Donate to Mesenteric Artery Disease Research, Patient Care and Education
There are three chief arteries which supply blood to small and massive intestines. These are known as the mesenteric arteries. Narrowing or blocking the arteries lowers the amount of blood that travels to your digestive tract. When your intestines does not get enough oxygen-rich blood, it can lead to serious health issues, including cell death and irreversible harm. It may even be life-threatening. Northwestern Memorial Foundation is committed to helping one patient at a time through your support.
People of any age may develop mesenteric artery disease, but it is most common in adults over 60 years old. Mesenteric artery disease may happen alongside cardiovascular disease. The buildup of fatty deposits, called atherosclerosis, can lead to heart disease as well. This type of heart disease usually occurs in conjunction with changes in the aorta and the vessels that branch from the aorta. High cholesterol leads to the disease because it causes plaque to line your arteries.
Plaque buildup causes narrowing of these vessels and reduces the blood flow to your intestines and cause blood clots. A blood clot is a group of blood cells that stick together and blood clots can also raise your risk of stroke should they travel to the mind. Birth control pills and other drugs containing estrogen may increase the chances of developing blood clots. Cocaine and methamphetamine use may also result in mesenteric artery disease in certain individuals, and sometimes surgery can cause scar tissue that narrows the blood vessels.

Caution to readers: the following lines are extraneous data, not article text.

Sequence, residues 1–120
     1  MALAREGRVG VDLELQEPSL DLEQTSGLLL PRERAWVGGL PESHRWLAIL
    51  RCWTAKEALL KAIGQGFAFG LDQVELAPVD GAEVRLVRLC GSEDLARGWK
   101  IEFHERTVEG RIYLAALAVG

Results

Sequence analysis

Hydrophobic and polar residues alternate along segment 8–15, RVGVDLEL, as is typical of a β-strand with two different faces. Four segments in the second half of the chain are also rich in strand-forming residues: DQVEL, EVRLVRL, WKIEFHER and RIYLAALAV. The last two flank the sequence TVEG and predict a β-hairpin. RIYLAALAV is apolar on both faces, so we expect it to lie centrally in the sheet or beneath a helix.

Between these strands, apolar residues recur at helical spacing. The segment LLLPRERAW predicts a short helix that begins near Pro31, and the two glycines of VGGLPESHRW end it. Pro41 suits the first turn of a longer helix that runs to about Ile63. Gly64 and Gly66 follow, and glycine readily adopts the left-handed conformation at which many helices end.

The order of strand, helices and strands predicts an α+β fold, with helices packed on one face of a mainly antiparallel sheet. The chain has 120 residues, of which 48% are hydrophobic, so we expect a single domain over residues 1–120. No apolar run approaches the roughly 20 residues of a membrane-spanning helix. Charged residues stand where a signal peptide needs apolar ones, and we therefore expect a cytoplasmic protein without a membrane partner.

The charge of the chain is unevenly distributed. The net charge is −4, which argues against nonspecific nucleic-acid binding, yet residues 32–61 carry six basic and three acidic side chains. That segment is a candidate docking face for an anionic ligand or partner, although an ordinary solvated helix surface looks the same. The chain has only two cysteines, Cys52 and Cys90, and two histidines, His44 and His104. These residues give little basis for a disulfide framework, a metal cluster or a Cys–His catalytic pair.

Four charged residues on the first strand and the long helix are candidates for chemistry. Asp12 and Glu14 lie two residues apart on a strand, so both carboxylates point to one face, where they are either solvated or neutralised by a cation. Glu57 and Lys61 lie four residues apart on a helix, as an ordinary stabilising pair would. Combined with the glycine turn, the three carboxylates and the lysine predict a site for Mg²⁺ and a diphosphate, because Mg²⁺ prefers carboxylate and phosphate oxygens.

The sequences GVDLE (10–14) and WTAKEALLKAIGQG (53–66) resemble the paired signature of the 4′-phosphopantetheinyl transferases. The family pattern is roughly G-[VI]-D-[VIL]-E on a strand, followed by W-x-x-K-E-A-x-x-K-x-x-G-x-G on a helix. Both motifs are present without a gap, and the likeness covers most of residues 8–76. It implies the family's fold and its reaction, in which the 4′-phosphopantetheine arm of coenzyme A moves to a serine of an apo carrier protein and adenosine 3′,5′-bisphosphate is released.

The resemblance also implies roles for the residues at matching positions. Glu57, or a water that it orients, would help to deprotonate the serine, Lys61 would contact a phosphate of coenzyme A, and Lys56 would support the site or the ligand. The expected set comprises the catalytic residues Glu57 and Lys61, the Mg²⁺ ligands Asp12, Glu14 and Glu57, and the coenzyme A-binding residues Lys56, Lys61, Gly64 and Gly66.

Mesenteric artery disease has two different types: acute and chronic. The severe form of the disease appears unexpectedly. Acute disease appears as acute symptoms. The chronic type of mesenteric artery disease has a more gradual onset. For many people, blood clots cause acute symptoms of the disease. Atherosclerosis is typically the cause of chronic disease. Symptoms include: abdominal pain and tenderness, bloating or a sense of fullness, diarrhea, nausea and fever.
People who suffer might also have a sudden urge to have frequent bowel motions during an acute case. Many patients have a fear of eating as a result of the expectation of pain that can be associated with this disease, which can cause unintended weight loss. That is why research funded by Northwestern Memorial Foundation is so very important to those who suffer. Acute blockages in the intestines must get treatment promptly to prevent tissue death.
Normally, in the event of an acute attack, surgery removes blot clots, scar tissue, and regions of the intestines which have already died. Your physician may prescribe blood-thinning drugs to prevent future blood clots. Angioplasty is yet another treatment alternative for narrowed arteries. A mesh tube called a stent is inserted into the narrowed artery to hold it open. In cases of total congestion, occasionally the obstructed artery is bypassed altogether.
Surgery can cure chronic mesenteric artery disease if needed. Surgery is not always required if the intestinal disease progresses slowly. Lifestyle adjustments might help reverse osmosis naturally. Lifestyle changes may consist of adhering to a low-carb and low-sodium diet to lower your cholesterol and blood pressure levels.
Mesenteric Artery Disease Research, Patient Care and Education Donation
Your generosity to Northwestern Memorial Foundation can help those who suffer from this disease and provide them with further relief through mesenteric artery disease research.